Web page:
It was the first time that I did something solid and everything happened naturally, the ideas, the emotions. Maybe because it's the story of people without roots, like my parents. After leaving Constantinople they traveled a lot too and it was my father who inspired me to create Léopold. [...] The Carmen of Le petit cirque is dark-haired and thin while my mother had brown hair and was rather plumpish, but she inspired me nonetheless.

The family that inspired Le petit cirque: from left to right: Eleni (Carmen), Yanis (Léopold), and little Fred (who, in the album, has no name); Trouville, 1930s.

Fred's iconography is very personal and explains the strange poetical power of Le petit cirque: the wind, the leafless trees, the circus, the peasants, the authorities, the mirror, the landscape, the city, etc... Apart from that what's great about Le petit cirque is its rhetorical complexity.

Le petit cirque, page 11 of the 2012 edition.

The above page gives the readers one of the keys to read Le petit cirque: the rhetorical reversal of the situations (the daily life of a patriarchal Mediterranean family is shown as circus acts). Another key is what I called, in Monthly Stumblings #16, the interpenetration rhetorical mode: two distant spaces meet in a third space where both may co-exist at the same time (more about that later). The last panel shows Fred's leafless trees with the wind blowing strongly from left to right expelling both the reader - the author too in a nostalgic statement about his childhood? - and the character out of the page (the sudden change of point of view from panel five to panel six shows that it's time to leave already). The overall atmosphere is scrawny and uncomfortable. The vanishing point in the last panel focus Carmen pulling the circus caravan (Fred explained the metaphor: "the caravan symbolizes the family and the head of the family is the wife"; needless to say that this doesn't convince me at all...). Notice how the horizon line gets lower and lower until we see a towering caravan getting out of reach. On pages 58 and 59 outraged peasants want to argue with Léopold and Carmen, but are overwhelmed when they find out that the caravan, despite its modest exterior appearance, is in reality a palace (not unlike Snoopy's doghouse). This, of course, is an hyperbole showing Fred's huge respect for his creatures.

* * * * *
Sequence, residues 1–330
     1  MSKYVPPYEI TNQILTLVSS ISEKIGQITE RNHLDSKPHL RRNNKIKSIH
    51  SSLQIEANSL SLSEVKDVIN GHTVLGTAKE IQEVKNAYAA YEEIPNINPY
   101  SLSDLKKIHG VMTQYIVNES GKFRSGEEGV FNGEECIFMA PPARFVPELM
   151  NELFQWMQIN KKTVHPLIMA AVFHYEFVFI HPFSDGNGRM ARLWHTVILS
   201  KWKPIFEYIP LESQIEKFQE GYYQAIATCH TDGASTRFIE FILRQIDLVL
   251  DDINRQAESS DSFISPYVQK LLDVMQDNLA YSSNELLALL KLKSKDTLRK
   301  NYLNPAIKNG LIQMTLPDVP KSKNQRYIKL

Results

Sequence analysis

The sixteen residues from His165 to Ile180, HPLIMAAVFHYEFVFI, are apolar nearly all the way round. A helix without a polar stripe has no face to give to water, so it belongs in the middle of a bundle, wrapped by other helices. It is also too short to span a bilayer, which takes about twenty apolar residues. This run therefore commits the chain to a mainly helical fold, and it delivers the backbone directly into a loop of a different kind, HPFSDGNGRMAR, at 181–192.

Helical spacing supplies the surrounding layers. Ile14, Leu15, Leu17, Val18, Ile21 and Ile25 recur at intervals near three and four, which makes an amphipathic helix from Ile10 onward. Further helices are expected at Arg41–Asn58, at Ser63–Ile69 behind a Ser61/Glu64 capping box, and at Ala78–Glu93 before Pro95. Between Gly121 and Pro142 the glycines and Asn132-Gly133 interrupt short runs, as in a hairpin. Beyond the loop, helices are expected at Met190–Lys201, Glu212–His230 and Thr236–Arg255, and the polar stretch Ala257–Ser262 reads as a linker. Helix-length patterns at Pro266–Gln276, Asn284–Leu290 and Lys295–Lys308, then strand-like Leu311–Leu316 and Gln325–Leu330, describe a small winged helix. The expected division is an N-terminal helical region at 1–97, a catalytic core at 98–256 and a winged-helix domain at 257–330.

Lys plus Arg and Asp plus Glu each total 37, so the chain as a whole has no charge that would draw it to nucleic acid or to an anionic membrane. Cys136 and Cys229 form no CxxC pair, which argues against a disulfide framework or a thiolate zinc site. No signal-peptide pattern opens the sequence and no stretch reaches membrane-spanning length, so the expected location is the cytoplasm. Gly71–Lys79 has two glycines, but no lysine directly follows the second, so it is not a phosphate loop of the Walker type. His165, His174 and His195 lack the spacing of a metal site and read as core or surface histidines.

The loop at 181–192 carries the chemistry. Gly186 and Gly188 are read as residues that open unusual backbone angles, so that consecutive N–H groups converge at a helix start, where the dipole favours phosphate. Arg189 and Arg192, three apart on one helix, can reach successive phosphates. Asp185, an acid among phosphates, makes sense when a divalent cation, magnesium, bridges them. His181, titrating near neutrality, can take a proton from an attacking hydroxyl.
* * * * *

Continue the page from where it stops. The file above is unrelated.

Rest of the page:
Carmen discovers the violin tree in page 36 of the 2012 edition.

The violin tree is just one of the interpenetrations that I mentioned above. Others link circus people with animals (a clown is a rooster, etc...). The violin tree is the hope and the means to fulfill one's dreams. The problem is that Léopold, after picking one of the violins from the tree, breaks a string interrupting the process: the family is doomed never to improve their situation no matter how hard they try.

The first two panels of page 18 of Le petit cirque's 2012 edition. To the circus family the city is a menacing, blocky, empty space. Fritz Lang's expressionist Metropolis isn't far; an hyperbole, again.

Le petit cirque: second and third tiers of page 48 of the 2012 edition.

In the image above Carmen deflates an overblown bourgeois. The stereotype is a bit blunt, to say the least, but there's an interesting catch in the sequence: the relation between iconic and verbal expression. Fred puts an idea usually uttered in words ("she deflated him") into drawings. Something that isn't that usual in comics. The same thing happens in the rooster/clown interpenetration mentioned above: the clown is visually a clown; we only know that it is in reality a rooster because of what the characters say about him.
I could go on doing close readings of all the episodes of Le petit cirque (like the one in which Léopold and Carmen offer a wheelchair to their son and break his leg in order for him to enjoy his present - which he does, of course), but the above is enough, I guess...
In conclusion: the circus family wanders aimlessly in an inhospitable landscape, is harassed and hated by almost everybody else and they suffer setback after setback, but they continue their journey because they have to, winning a few small victories along the way... We only get to the sense of it all though after decoding the logic of the book which is the nonlinear, oblique logic of dreams.

Fred sets his little creatures in motion; second tier of Le petit cirque's 2012's edition's last page. Another narrative device: self-referentiality.